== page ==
Irnham is still set out as our medieval ancestors would have understood. St. Andrew’s church dominates the top of a small tree-lined hill; to its south side is the medieval Irnham Hall (restored following a fire in Victorian times) and, beyond, two of the original three fishponds that would once have been reserved for the squire, the priest and villagers. Clustered around the base of the church’s hill are cottages and a few larger homes.
A service is held at St Andrew’s every Sunday morning, starting at 11 am. Our worship may be summarised as traditional, middle-ground and dignified. Our praise veers toward the muscular, being neither Evangelical nor Anglo-Catholic. We use the 1662 Book of Common Prayer for Matins and Common Worship for Holy Communion.
The congregation contributes to the Grantham Food Bank.
St Andrew’s is a popular venue for musical events and is visited by ‘Music in Quiet Places’ and, on several occasions, by the Lay Clerks of Southwell Minster’s cathedral choir.
Every Tuesday evening, the band of bellringers practise and bells are rung for the third Sunday (Holy Communion) and for weddings and other special services.
A place of worship has been on the same site in this Parish for approximately one thousand years. Fragments of Roman artifacts are found on the next hillock over to the east from the church and it has been suggested that some form of Roman temple lies beneath St. Andrew’s. The present building dates from the late Norman period, with the tower arch being from circa 1190. Alterations and additions continued until the late Tudor era and – around the early to middle years of the seventeenth century – the south aisle was removed. The stained glass is Victorian and early twentieth century (save one small seventeenth century panel of St. Andrew in the tower). The outer door at the north porch, by Ptolemy Dean (Surveyor of the Fabric at Westminster Abbey) was installed in 2006.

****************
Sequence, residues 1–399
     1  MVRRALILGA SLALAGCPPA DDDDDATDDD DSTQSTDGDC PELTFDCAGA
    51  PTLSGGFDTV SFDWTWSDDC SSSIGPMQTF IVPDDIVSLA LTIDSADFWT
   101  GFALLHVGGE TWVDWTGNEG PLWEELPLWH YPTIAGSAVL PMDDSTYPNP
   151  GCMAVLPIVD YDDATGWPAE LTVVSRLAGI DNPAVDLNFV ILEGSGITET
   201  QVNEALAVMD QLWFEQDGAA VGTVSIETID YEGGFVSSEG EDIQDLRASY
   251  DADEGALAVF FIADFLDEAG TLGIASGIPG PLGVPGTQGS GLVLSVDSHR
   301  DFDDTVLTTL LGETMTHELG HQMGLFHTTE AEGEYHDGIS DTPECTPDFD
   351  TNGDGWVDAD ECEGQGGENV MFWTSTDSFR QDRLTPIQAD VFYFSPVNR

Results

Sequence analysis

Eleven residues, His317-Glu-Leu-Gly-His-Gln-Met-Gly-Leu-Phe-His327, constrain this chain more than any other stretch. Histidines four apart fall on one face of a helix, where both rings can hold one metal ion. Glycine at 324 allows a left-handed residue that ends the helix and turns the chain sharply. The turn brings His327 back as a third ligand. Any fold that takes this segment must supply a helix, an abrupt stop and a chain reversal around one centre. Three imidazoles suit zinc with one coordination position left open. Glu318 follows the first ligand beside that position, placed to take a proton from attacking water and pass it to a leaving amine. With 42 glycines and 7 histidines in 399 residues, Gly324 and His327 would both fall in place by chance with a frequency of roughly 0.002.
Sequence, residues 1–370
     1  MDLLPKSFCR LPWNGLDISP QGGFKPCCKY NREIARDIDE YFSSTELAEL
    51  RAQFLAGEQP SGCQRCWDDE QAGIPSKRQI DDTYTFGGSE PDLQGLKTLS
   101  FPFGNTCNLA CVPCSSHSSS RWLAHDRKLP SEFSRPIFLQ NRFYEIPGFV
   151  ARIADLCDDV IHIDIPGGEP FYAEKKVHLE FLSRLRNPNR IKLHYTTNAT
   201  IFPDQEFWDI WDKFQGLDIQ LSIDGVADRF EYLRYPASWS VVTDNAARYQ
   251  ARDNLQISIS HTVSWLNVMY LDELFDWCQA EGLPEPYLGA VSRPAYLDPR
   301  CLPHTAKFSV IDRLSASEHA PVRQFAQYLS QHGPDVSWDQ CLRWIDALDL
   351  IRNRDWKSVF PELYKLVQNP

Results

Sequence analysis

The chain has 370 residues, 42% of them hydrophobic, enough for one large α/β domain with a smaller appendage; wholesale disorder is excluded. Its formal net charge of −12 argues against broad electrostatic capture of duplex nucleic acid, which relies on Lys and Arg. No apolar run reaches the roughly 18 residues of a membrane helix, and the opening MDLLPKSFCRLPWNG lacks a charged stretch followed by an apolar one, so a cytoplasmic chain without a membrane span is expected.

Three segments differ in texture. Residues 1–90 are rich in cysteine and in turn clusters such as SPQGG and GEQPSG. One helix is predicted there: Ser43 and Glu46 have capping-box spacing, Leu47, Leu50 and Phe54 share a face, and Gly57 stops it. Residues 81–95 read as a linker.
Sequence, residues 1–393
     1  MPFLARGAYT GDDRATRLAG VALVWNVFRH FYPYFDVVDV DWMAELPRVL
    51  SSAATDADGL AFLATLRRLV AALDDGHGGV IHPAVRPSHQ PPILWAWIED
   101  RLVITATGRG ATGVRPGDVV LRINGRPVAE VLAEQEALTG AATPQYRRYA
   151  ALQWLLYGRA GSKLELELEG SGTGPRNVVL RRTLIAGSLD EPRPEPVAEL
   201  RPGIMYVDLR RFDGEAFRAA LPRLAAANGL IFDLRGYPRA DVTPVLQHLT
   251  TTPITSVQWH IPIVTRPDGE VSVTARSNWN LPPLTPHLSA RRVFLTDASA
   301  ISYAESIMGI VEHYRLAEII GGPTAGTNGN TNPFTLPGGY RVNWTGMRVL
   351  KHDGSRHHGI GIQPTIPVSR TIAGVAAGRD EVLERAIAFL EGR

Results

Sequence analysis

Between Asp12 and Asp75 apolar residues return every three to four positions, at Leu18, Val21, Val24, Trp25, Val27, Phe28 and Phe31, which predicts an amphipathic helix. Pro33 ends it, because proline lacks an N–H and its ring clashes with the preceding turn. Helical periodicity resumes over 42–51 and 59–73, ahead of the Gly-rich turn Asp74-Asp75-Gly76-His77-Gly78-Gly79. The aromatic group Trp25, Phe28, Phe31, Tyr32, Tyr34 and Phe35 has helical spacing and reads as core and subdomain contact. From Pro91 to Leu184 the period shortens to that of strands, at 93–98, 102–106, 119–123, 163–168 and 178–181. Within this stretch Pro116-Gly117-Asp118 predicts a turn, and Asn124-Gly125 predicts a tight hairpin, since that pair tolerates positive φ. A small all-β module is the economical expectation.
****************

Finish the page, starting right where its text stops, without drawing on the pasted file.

In early medieval times, the squire of Irnham, Sir Geoffrey Luttrell (1276–1345), commissioned an illuminated Psalter as a devotional book for use in St. Andrew’s and also as a visual record of his life and that of the ordinary folk on his estates. Now known as The Luttrell Psalter, it is one of the greatest manuscripts in the British Library (St. Andrew’s has a fine modern facsimile, displayed in the north aisle). Sir Geoffrey also commissioned the church’s rare Easter Sepulchre – placed at the east end of the chantry chapel circa 1860 – which Pevsner describes as the great surprise … most ornate and inventive.
Above the tower arch is a fine Royal Arms of King George I, which may contain a hidden message of support for the Stuart cause. Partnering it, is a Victorian Hatchment for William Harvey Woodhouse.
The churchyard is particularly admired in the spring, when snowdrops, violets and primroses make this tranquil place notably beautiful and restful.